NEW YORK — The companies that determine Americans’ credit scores are about to come under government oversight for the first time.
The Consumer Financial Protection Bureau said Monday that it will start supervising the 30 largest firms that make up 94 percent of the industry. That includes the three big credit reporting firms: Equifax Inc., Experian and TransUnion.
Each of the three major credit reporting agencies maintains files on more than 200 million Americans.
In remarks prepared for a speech Monday, Richard Cordray, the government agency’s director, said that scorekeeping by credit bureaus plays such a large role in Americans’ financial lives, it requires scrutiny.
The bureau said its oversight may include on-site examinations, and that it may require credit bureaus to file reports.
“It’s a wonderful thing for the American public,” said Pamela Banks, the senior policy counsel for Consumers Union, the policy arm of Consumer Reports. “Now there’s somebody on their side.”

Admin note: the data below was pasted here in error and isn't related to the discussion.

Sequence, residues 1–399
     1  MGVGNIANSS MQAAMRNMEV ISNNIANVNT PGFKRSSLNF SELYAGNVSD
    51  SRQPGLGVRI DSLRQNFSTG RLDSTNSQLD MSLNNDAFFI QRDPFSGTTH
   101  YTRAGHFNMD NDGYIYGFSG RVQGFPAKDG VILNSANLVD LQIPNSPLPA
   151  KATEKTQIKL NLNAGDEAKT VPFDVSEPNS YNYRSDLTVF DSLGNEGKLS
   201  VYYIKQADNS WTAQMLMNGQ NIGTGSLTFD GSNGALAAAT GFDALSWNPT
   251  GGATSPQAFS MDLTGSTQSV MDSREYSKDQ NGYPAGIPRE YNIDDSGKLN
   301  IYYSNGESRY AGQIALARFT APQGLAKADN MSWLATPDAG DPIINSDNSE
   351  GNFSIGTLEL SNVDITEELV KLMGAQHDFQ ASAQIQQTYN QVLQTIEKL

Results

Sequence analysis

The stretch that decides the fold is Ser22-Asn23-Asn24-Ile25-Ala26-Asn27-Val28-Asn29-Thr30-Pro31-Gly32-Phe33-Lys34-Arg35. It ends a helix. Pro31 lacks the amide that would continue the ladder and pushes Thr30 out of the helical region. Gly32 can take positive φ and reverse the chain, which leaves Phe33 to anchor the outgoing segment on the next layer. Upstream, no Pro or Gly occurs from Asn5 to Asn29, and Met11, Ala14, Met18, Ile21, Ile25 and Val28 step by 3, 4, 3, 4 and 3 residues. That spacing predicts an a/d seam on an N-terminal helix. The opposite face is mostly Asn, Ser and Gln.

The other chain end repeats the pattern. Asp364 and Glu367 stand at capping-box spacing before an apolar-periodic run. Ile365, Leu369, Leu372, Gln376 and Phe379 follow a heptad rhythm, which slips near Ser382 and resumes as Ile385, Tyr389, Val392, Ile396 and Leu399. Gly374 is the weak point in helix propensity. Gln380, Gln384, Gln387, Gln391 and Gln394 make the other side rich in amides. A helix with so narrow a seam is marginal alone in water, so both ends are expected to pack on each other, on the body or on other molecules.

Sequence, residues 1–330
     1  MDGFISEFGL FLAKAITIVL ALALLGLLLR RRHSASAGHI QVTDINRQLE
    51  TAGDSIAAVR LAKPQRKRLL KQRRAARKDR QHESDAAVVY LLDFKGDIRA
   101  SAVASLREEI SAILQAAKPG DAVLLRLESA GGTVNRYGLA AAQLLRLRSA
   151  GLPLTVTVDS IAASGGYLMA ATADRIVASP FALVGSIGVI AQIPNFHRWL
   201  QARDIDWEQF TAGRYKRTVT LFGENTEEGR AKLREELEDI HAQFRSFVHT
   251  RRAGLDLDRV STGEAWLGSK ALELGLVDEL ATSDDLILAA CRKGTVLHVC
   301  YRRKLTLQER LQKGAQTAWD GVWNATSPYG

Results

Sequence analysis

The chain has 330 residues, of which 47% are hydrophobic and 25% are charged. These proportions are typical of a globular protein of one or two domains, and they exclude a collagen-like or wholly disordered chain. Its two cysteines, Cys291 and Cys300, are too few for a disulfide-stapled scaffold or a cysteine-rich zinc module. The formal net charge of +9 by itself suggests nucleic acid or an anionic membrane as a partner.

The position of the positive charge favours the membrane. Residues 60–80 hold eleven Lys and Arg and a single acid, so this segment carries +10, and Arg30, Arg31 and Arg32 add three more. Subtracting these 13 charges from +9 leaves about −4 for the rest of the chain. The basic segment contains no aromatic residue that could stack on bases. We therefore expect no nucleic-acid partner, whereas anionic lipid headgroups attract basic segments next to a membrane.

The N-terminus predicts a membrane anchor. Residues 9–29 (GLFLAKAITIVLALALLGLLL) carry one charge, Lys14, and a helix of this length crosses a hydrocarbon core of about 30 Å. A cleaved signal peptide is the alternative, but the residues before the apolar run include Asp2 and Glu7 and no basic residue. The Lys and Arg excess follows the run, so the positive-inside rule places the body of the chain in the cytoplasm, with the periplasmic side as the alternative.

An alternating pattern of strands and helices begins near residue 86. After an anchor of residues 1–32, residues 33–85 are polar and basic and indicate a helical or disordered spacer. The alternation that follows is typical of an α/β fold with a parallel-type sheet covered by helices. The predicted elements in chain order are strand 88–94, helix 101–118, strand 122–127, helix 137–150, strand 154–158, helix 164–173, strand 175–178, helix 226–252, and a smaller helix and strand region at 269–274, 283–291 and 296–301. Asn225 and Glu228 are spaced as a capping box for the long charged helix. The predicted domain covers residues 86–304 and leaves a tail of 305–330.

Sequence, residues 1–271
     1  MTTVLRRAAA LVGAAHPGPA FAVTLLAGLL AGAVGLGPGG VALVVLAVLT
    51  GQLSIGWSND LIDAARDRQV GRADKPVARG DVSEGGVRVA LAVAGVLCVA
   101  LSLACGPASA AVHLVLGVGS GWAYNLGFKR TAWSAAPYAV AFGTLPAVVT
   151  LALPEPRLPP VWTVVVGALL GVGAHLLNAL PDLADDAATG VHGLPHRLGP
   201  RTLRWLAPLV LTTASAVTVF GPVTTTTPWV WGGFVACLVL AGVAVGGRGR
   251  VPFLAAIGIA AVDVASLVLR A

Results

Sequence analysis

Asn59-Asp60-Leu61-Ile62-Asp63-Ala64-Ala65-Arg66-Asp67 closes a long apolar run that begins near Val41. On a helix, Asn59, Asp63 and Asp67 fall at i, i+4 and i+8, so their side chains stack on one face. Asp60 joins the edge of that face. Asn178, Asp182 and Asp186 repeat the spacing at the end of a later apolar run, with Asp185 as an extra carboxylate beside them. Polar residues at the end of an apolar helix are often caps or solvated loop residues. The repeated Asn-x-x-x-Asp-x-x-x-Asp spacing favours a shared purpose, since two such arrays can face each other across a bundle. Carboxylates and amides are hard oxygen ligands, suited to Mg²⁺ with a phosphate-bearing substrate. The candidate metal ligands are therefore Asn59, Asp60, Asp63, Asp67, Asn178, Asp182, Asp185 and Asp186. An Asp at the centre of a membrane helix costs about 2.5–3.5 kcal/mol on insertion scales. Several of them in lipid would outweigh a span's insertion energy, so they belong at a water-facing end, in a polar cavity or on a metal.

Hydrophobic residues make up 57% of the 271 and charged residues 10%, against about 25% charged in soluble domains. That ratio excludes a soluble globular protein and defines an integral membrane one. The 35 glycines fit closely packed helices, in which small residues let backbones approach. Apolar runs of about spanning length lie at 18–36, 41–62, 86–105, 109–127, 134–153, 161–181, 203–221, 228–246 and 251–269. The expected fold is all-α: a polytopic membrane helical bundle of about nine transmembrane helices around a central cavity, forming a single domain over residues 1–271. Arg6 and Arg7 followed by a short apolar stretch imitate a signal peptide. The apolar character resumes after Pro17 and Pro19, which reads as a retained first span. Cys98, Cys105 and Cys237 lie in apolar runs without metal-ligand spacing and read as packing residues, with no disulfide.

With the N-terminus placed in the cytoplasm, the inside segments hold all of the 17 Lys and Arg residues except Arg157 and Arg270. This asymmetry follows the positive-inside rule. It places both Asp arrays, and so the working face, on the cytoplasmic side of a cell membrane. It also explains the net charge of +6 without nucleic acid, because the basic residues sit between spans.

Banks said she expects that when people dispute details on their credit reports, credit bureaus will now act more quickly to fix any problems. “They won’t want the CFPB breathing down their necks,” she said.
The announcement Monday wasn’t a total surprise, according to industry observers, because the bureau had hinted earlier this year that it was considering supervising the industry.
Gerry Tschopp, a spokesman for Experian, said the government already oversees the industry, because the Federal Trade Commission has been responsible for enforcing the Fair Credit Reporting Act since it became law in 1970.
Tschopp said he had “no concerns” about the agency’s oversight. A statement from Experian said the company and the bureau share the goal of helping consumers get “access to fair and affordable credit.”
The protection bureau will start regulating the industry after the new rule takes effect Sept. 30.